One issue that weighs on my psyche as an artist working in the realm of realism is that of understanding the attraction to and value of created nature in art. In my own work, I create and preserve moments from nature as a statement on the transience of life. But, during my wanderings through picturesque parks and other abundantly verdant spaces in Seattle, my current city of residence, I began to question why we seek to recreate imagery from the organic world when it already appears perfectly in nature itself.
Alex Anderson, Winter Branch
Yes, this imagery has, throughout history and art history, a symbolic importance in specific artists’ lives and practices that may resonate with the experience of the viewer. But why does that image rendered in clay, glass, or even gold hold value from the viewer’s perspective when they could easily access and enjoy the “real” thing? Even Ai Wei Wei’s Sunflower Seeds, which holds conceptual significance as an image referencing Chairman Mao’s regime in China is largely valued for the fact that each seed was made by hand, yet appears to be a real sunflower seed. One might ask why this human, handmade connection matters—and the answer lies in the fact that it is not about replication, but more about a certain engagement with nature.
“It has a lot to do with connecting to your own source because as human beings, our form originates and exists as a natural form itself. And so, there’s always that impulse to recreate,” suggests Syd Carpenter, professor of studio art at Swarthmore College. Her own work draws from the organic world in abstract to create powerful sculptures with an animate—and sometimes animalistic—quality that tells stories of humanity and organicity. Perhaps then, our attraction to the images of nature sources from a connective response to our origin as human animals and a certain revelry in the beauty of our world that we have the privilege of experiencing by being alive. Carpenter elucidates further:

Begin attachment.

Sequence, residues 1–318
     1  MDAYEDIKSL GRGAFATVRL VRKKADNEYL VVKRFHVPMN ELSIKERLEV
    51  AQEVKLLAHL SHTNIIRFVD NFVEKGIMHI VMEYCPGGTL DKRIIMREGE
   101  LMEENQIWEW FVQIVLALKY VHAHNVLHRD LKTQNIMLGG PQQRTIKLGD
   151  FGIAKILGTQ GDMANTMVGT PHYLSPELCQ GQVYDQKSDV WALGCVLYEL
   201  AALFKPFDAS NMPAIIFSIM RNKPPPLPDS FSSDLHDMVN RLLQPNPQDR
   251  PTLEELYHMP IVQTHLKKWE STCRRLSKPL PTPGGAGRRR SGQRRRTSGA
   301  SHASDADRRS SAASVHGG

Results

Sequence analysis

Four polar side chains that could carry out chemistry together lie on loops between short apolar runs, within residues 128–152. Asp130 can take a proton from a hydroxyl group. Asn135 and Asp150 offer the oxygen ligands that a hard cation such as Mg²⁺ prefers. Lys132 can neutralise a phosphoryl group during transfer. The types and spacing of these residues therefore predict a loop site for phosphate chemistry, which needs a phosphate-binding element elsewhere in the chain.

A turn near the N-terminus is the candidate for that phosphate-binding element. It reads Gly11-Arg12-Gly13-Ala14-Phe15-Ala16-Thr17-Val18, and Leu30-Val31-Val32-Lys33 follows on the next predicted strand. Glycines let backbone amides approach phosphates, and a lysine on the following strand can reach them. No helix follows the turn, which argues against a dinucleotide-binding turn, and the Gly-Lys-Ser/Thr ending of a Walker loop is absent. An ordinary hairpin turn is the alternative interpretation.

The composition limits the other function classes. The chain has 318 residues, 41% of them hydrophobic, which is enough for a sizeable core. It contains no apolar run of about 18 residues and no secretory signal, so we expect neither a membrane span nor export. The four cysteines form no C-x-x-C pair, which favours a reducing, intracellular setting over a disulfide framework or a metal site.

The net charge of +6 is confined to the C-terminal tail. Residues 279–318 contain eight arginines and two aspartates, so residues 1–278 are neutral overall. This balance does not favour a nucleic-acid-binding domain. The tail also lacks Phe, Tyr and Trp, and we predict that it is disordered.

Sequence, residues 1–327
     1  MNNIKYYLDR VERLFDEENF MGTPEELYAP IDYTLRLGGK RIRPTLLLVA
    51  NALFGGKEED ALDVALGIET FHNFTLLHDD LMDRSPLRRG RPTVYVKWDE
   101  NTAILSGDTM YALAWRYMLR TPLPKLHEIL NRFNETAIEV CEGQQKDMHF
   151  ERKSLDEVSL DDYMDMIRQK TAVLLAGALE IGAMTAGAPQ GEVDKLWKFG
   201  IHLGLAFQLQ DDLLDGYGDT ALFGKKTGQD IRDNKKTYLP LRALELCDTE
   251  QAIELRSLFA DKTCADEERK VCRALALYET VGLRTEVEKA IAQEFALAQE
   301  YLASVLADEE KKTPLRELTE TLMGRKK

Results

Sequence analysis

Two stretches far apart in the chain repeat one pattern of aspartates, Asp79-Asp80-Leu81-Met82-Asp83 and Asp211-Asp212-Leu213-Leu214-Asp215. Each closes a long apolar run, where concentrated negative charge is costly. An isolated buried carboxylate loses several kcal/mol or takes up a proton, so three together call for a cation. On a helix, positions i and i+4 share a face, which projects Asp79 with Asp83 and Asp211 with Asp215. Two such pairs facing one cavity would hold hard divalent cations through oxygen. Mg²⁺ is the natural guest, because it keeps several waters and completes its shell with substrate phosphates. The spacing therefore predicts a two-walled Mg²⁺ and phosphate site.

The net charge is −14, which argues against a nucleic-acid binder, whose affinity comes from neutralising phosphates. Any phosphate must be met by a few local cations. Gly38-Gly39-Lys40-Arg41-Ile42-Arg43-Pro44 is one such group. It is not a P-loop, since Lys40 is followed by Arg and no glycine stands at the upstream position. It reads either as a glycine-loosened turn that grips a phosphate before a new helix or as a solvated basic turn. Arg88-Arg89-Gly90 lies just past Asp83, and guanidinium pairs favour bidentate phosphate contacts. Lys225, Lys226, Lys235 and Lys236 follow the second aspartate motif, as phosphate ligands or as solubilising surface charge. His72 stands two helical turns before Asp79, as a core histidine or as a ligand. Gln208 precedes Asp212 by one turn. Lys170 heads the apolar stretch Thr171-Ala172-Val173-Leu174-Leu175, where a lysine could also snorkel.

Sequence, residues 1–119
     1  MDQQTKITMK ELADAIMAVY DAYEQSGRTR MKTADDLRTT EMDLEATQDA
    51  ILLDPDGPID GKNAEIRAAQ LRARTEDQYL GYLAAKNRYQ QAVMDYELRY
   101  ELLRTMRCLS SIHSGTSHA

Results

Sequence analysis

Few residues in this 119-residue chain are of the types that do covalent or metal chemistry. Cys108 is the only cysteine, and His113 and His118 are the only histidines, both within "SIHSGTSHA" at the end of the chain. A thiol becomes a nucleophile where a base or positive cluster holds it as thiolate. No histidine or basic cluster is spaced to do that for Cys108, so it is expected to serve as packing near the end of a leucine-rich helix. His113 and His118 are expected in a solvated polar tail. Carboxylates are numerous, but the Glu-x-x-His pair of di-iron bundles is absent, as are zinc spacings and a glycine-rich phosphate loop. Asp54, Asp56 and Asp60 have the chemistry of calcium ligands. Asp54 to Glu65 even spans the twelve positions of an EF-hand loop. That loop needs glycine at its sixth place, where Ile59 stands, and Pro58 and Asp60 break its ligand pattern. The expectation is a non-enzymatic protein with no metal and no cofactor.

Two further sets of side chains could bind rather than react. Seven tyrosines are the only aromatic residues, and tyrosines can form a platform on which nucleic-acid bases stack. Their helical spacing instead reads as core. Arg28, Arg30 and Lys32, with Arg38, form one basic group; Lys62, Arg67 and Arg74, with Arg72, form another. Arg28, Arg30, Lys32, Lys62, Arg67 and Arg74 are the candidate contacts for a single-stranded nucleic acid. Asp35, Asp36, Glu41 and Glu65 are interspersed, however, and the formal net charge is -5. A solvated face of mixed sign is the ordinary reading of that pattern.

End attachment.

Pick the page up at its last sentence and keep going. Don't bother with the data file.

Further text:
You’re not just replicating, it’s about interpreting, it’s about announcing what you noticed. It’s about talking about for you as a creative person, as a viewing person, what about this is wondrous… To isolate something and try to understand it through making. It is that issue of trying to understand, describe, convey, and communicate your own wonder about your surroundings.
Perhaps an extension of this perspective is that art about nature is a channel for the transcendence of a modern society that continues to remove us from the nature that initially produced us. Nature is everywhere, but the way we access it and the way we are allowed to engage our humanity is eternally limited by rules and controls.
Syd Carpenter, Mind of Its Own
In my search for an answer to this question, I also wondered if art about nature is, in fact, an attempt to control the organic: to use it or preserve it. Perhaps it is an endeavor to recreate it in the way that we would prefer to see it, as flowers, leaves, animals (and people) do not naturally appear in porcelain, marble, or bronze. As such, they are inherently subject to the process of decay that only allows us to behold their moments of perfection for an instant. In my conversation with Professor Carpenter, I found an alternative perspective on this line of thinking.
…there’s always been this impulse to try to improve on nature. And at that point you could say that it’s about control, but I think that humans have come to the conclusion that you can’t control nature...there are artists who are able to make things that are so realistic that your first impulse would be to say, "they have controlled it," they know how to create nature. But, if nature is constantly evolving, we are only following.
In the 2001 documentary, Rivers and Tides, Scotland-based artist and master manipulator of nature, Andy Goldsworthy, explains his converse approach of using nature to create art rather than creating art that references nature:
Art for me is a form of nourishment. I need the land. I want to understand that state and that energy in me that I also feel in the plants and in the land. The energy in life that is flowing through the landscape. That intangible thing that is here and then gone. Growth. Time. Change. And the idea of flow in nature.
Syd Carpenter, Bovine
If people create art and nature creates people, does that mean art follows nature? I believe art that engages nature, symbolism aside, and in essence is about connection and wonder. It is about reflecting and honoring the elements of the world that are an inherent piece of our human identity, our form, and our lives as a destined connection to one of the few things that will always be larger and more powerful than us and an inextricable part of who we are.
(Image at the top: Alex Anderson, Detail of The Seed)
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